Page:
Butterfly 'Oddities' Things I found out after I started shooting them

Like many of my photo adventures, this too started as a make-work project - I'd exhausted the local supply of cut flowers and plants so I was desperate for 'something' to shoot. I called the closest butterfly conservatory to ask if I could have some of their specimens to shoot after they die and they said "Yes and for free". A few days later, after travelling over 4 hours and nearly 350 Km, I was back home with my first batch of 18 butterflies. I knew that there were a large number of butterflies in the world but I'd only ever seen them in collections and a few local varieties. Unpacking them, I was amazed by the different colours, wing patterns and sizes - some even had their wings flat so I could easily shoot the top and bottom surfaces. They filled the frame, so initially a macro wasn't needed, and after the first shot I did my usual 100% zoom-in, to check for sharpness, and that's when the discoveries began to happen. I started with just wanting to take 'nice' photos that were interesting but it turned out to be so much more.

Colours - black, white and everything in between

At first I assumed that their colouration allowed them to blend in with their habitat but unless it's a lava bed, snow or some other strange place - it just can't be.

Pink Rose Swallowtail

Paper Kite or Rice Paper

Orange Emigrant

Great Yellow Mormon

Julia Longwing

Tailed Jay

Wing surface difference

Monarch - top and bottom

Monarchs are my main local butterfly with similar patterns and colours on the two wing surfaces so I was very pleasantly surprised to see these.

Blue Clipper - Top

Blue Clipper - Bottom

Malay Lacewing - Top

Malay Lacewing - Bottom

Giant Owl - Top

Giant Owl - Bottom

Blue Morpho - Top

Blue Morpho - Bottom

Wing scales

There seems to be at least two different types - some come out quite sharp while the edges of others appear 'fuzzy'. I discovered that's part of the defense mechanism so if it's caught in a web, scales are pulled off easily so it can escape.

Banded Peacock - Top

Giant Owl - Bottom

Blue Morpho - Bottom (1.5X life size)

Blue Morpho - Bottom (3X life size)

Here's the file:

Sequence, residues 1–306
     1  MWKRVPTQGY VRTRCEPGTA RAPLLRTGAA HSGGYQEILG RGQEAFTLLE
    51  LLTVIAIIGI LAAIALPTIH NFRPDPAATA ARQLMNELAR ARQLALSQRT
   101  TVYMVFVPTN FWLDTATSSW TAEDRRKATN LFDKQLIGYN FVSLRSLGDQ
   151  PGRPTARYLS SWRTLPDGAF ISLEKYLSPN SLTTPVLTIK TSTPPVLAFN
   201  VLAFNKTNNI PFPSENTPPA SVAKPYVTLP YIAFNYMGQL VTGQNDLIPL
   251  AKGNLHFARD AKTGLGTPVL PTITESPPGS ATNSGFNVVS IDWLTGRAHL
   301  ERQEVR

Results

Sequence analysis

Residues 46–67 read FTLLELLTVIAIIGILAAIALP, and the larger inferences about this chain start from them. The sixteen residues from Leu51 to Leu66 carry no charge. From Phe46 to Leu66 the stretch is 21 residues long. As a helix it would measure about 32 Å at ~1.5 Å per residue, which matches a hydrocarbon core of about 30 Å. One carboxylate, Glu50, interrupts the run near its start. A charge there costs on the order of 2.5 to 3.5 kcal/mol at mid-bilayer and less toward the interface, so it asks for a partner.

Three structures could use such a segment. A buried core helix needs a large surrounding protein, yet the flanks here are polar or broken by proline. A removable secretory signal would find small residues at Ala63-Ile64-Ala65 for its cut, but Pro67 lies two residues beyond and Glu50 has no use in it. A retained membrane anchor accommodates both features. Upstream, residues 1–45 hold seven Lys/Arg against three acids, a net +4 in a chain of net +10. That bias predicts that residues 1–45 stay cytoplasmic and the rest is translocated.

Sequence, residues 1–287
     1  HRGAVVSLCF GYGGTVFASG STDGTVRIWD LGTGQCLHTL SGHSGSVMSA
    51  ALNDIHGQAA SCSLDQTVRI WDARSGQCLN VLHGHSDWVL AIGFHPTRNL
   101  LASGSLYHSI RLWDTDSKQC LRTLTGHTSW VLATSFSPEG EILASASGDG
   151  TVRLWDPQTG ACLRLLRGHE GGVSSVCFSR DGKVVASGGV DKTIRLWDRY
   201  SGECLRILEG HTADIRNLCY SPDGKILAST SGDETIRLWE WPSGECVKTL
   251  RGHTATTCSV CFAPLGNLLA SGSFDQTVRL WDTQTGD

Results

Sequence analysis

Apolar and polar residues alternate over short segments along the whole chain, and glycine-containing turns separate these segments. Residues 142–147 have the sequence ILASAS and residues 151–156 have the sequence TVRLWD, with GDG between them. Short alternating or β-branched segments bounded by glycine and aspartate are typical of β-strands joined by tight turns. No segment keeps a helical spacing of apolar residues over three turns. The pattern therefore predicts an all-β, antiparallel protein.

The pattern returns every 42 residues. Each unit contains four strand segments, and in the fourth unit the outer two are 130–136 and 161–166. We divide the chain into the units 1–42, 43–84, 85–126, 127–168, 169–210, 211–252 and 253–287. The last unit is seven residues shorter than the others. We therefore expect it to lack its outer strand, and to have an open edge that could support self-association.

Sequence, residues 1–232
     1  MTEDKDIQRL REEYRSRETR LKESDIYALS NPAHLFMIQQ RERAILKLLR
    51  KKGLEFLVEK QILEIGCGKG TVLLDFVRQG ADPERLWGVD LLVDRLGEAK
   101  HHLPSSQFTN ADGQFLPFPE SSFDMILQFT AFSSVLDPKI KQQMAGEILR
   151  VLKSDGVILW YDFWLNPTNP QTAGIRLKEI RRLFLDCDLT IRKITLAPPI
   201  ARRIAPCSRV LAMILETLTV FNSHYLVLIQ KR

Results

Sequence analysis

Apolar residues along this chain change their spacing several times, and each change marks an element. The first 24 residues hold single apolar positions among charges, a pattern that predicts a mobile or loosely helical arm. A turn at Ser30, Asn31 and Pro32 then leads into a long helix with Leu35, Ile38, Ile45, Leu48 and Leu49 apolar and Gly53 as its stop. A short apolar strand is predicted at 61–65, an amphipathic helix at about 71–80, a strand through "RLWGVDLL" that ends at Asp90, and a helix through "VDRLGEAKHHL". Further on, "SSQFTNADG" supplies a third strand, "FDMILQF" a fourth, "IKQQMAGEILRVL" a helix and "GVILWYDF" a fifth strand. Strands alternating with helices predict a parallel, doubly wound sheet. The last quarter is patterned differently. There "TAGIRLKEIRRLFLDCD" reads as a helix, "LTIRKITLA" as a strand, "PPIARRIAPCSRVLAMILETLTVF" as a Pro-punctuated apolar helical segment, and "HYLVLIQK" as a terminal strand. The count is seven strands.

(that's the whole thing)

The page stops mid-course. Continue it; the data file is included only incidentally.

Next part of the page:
Blue Morpho - Top (2X life size)

Blue Morpho - Top (3X life size)

Blue Morpho - Top (4X life size)

'Fur' on wing and body

It's a specialized form of scale structure and when it's around the body it aids with insulation. It also makes for some very interesting photos.

Blue Clipper - Top

Belus Batus - Top

White Peacock - Top

Malay Lacewing

Paper Kite or Rice Paper

Breathing

I was surprised when I learned that they actually breathe through holes in the sides of their abdomen, called spiracles, and most insects have them.

Paper Kite or Rice Paper

Do they really have 'horns'?

In some of my early explorations I saw what looked like 'horns' at the top of the head and I thought 'no way' and did some more research. They turned out to just be 'palps' which are part of their mouth structure.

Brown Clipper

Malay Lacewing

What - they have ears?

During an email exchange with a technician at the butterfly conservatory, she told me that the Blue Morpho actually has ears that are fairly easy to find at the base of the forewing.

The white circle shows the approximate area in the next photo that was taken.

The ear looks like a fried egg in the middle of the next photo and was taken at 4X life size.

Other species also have ears, like the Grey Cracker, but I broke the one that I had before I got around to looking for it so I'm hoping for another example or any other species with them.

A low angle LED flashlight shows new things

Accidently one day, I pointed it at the table with the butterflies on it and was really amazed when one of them changed colour - I then tried shining it on each of them but only a few more did the same. I haven't found an explanation as to why it happens but again it makes for interesting photos.

Autumn Leaf top in daylight

In LED light

Even closer

Belus Batus in daylight

In LED light

Even closer

Giant Owl in daylight

In LED light

Even closer

Top of Blue Morpho wing lit from below - LED light

Top of Blue Morpho wing lit from above - LED light

Summary

In the last eight months, I've been given 70 examples of 36 different species and taken 250 photos so the learning and shooting quests continue. Commercial availability limits what I'll get but so far, each of my five trips has resulted in at least a few 'new' ones. If you find yourself in a similar situation, call your local conservatory and ask if they can help so you too can explore their beauty and find your own 'oddities'.

N.B. In exchange for an ongoing supply of butterflies, I give them royalty free, full size digital copies of everything that I shoot to use as they want - I think it's good for both of us as I'd never be able to get them myself.

Camera equipment

  • Canon T3i - APS-C sensor - 18 MP
  • Canon 100 mm f2.8 macro lens
  • Canon 65 mm f2.8 MP-E macro lens (1X to 5X life size)
  • Cognisys StackShot (stepper motor driven, focus-stacking rail)
Created By
Roy Beauvais
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